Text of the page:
Sandalwood oil - the 'golden harvest' - is one of the world's most valuable essential oils, but increased demand has caused natural populations of sandalwood trees to diminish over the past century through harvesting, grazing animals and disease.
Plantations of several sandalwood (Santalum) species provide a more sustainable alternative to traditional wild harvesting but the long maturation requirement for heartwood to be produced within a tree hampers oil productivity.
A solution - with significant implications for the Australian sandalwood industry and for conservation of wild Australian sandalwood - has been found through gene discovery.
Key genes that produce sandalwood oil have been discovered by an international research team from The University of Western Australia and the University of British Columbia (UBC) in Canada. These newly discovered genes, together with previous gene discoveries, produce some of the final constituents of the oil found in Indian sandalwood trees.
"These results - published in PLOS ONE today - provide a foundation for the production of sandalwood oil by means of metabolic engineering," said UWA's Dr Liz Barbour, one of the co-authors of the paper.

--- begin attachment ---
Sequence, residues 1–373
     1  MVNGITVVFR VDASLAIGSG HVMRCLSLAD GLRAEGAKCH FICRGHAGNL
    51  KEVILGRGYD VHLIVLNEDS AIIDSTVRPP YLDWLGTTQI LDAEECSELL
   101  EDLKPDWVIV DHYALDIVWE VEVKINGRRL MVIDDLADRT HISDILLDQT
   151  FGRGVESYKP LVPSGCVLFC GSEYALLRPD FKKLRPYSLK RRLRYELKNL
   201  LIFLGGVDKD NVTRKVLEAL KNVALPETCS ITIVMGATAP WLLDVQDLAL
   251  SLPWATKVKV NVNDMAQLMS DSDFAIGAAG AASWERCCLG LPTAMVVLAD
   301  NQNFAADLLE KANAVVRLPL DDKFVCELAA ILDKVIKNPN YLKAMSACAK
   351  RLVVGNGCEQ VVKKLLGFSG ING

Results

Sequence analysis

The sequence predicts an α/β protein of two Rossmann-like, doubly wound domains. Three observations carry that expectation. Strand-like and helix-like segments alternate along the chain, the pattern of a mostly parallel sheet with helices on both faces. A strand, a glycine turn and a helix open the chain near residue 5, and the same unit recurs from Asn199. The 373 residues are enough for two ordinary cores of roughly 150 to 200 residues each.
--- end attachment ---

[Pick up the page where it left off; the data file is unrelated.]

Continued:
"Presently sandalwood oil, extracted from the heartwood in tree stems and roots, is highly sought after by the fragrance and perfume industry. This discovery will open new nutraceutical and medicinal markets," she said.
Another UWA co-author is PhD student Jessie Moniodis who travelled to the UBC Michael Smith Laboratories in Canada to work with Professor Joerg Bohlmann and Dr Maria Diaz-Chavez (the lead author of the new study) on characterisation of the discovered sandalwood genes. Associate Professors Emilio Ghisalberti, Professor Julie Plummer and Dr Christopher Jones from UWA were also involved. The research was partly funded by the Western Australian Forest Products Commission, the Natural Sciences and Engineering Research Council of Canada, and an industrial partner.
Historically, the harvest and export of Western Australia's native sandalwood, S. spicatum was vital to the State's early economy. It is suggested that the Wheatbelt was settled faster because of revenue generated by local sandalwood harvesting.
Today, the industry is reviving as farmers replant native sandalwood as a land restoration strategy while exploring the possibility of benefitting from 'the golden harvest'. This discovery will add novel value streams to the industry and provide the supply security needed to attract long-term markets.
Explore further: Study shows how epigenetic memory is passed across generations